Editor’s note: Robert Bruss is temporarily away. The following column from Bruss’ “Best of” collection first appeared Sunday, March 19, 2006.
In 1988, Jennifer and Terral Croft divorced. The court awarded Jennifer use of the jointly owned family home and ordered Terral to pay child support for their children.
But Terral was not faithful in making child support payments. In 1992, the state court entered judgments against him for the accruing unpaid child support payments.
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In 1996, the Internal Revenue Service filed and recorded a federal tax lien for $73,857 in unpaid federal taxes against Terral.
In 2004, Jennifer obtained a judgment against Terral for $131,495 for unpaid child support payments. The court granted her an equitable lien against Terral’s half-interest in the house.
She then filed this lawsuit against the IRS, alleging her interest in Terral’s half of the house was superior to the IRS tax lien that was recorded in 1996.
The IRS argued that because its tax lien was recorded in 1996 against Terral, under the “first in time, first in right” rule, the $73,857 tax lien has priority over Jennifer’s $131,495 judgment in 2004 for unpaid child support payment.
If you were the judge, would you rule the 1996 IRS tax lien has priority over Jennifer’s 2004 judgment as to Terral’s 50 percent interest in the house?
The judge said yes!
“The Federal Tax Lien Act creates a lien in favor of the United States upon ‘all property or rights to property, whether real or personal’ belonging to any person who neglects or refuses to pay any tax after demand,” the judge began.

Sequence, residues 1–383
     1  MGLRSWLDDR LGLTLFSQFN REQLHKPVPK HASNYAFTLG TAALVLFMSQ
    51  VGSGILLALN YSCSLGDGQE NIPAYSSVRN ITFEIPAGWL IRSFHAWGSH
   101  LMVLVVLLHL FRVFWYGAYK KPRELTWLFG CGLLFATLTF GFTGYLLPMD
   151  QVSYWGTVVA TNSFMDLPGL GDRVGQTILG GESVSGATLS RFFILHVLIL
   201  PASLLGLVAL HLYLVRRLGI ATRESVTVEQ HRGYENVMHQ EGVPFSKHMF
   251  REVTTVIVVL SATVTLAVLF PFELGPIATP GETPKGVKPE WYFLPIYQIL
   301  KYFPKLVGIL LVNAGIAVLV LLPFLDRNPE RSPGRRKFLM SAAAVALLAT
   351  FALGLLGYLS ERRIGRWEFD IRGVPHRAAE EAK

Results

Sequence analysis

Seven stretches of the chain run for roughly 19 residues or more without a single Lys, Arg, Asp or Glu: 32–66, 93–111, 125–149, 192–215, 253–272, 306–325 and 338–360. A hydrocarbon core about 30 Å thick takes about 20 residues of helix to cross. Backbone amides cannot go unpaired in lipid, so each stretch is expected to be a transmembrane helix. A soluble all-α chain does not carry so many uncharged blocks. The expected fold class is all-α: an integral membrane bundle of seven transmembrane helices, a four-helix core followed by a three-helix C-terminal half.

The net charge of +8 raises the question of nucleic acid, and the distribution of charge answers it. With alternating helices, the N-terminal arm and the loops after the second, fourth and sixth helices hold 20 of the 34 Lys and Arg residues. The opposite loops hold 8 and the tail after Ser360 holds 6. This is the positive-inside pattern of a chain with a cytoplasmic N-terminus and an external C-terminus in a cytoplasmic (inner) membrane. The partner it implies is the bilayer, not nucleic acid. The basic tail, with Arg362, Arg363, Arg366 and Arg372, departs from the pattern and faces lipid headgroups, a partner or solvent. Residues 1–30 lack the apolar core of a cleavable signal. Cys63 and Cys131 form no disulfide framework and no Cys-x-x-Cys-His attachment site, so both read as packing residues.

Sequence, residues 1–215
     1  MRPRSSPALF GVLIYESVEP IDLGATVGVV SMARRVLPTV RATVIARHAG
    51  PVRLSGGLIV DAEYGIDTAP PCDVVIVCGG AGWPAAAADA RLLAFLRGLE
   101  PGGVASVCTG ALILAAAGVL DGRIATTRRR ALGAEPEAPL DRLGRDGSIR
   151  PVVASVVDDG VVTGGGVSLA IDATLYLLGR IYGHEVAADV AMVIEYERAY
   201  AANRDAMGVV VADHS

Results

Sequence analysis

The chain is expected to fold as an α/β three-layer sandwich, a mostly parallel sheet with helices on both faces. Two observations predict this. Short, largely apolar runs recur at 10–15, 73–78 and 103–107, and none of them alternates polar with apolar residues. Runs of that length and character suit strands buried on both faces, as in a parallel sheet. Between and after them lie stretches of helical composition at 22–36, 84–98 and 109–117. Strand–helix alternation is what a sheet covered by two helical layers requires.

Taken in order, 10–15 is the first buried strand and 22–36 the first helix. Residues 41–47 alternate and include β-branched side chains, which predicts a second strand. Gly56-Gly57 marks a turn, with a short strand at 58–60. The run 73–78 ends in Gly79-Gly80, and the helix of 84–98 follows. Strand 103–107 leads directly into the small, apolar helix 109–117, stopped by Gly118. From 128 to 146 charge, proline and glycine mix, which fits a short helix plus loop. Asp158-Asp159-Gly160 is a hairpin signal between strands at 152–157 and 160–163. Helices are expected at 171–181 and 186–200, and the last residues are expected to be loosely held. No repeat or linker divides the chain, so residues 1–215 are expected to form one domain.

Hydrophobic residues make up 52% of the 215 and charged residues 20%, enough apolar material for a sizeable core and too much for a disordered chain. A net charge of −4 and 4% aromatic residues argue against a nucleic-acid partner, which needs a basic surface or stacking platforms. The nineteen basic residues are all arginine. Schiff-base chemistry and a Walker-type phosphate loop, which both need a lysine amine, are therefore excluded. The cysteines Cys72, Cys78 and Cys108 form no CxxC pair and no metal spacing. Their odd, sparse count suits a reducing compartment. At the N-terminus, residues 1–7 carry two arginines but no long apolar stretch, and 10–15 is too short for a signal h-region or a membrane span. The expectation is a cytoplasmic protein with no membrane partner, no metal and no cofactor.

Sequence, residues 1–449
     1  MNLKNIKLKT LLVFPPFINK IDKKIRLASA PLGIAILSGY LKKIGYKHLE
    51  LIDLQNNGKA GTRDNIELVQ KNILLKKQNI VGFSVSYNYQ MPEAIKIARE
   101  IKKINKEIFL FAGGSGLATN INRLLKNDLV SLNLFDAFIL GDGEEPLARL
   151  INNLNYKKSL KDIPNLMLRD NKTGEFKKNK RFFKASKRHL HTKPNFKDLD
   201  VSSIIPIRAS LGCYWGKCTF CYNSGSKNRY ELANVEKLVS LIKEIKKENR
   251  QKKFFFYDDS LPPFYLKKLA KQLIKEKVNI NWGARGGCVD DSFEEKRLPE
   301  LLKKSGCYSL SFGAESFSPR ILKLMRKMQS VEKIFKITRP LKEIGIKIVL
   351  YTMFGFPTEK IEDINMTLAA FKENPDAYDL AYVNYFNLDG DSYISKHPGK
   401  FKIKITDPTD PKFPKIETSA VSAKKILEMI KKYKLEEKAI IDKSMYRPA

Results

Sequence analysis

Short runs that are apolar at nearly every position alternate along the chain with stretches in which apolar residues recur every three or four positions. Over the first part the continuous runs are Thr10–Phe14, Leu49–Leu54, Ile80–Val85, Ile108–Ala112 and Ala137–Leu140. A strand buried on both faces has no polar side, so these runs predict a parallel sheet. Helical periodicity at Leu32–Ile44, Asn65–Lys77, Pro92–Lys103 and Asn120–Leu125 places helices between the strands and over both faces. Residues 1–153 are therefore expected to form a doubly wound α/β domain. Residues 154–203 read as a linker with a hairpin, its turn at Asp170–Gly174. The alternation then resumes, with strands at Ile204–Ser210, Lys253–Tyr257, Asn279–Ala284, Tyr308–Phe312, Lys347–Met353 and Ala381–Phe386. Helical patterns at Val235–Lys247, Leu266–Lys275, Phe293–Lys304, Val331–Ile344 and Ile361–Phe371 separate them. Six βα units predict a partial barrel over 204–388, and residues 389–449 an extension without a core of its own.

“Once a taxpayer’s interest in property is established and a federal tax lien arises, however, federal law governs the priority of competing liens,” he explained.
“In other words, as to these interest holders, the ‘first in time, first in right’ priority applies,” the judge emphasized.
“By her petition, plaintiff claims an equitable entitlement to monies owed to her by Mr. Croft dating to July 6, 1988, the date that the final judgment of dissolution of marriage was entered, and Mr. Croft’s support obligation was created,” he continued.
However, she was not a judgment lien creditor in the marital residence by reason of the divorce decree and, at the earliest, she did not obtain a recorded final judgment until April 6, 2004, the judge emphasized.
Since the IRS tax lien attached to Mr. Croft’s one-half interest in the residence in 1996, the tax lien was first in time so it is superior to the plaintiff’s equitable lien for unpaid child support in the property, the judge ruled.
Based on the 2005 U.S. District Court decision in Croft v. U.S., 2006-1 USTC 50105.
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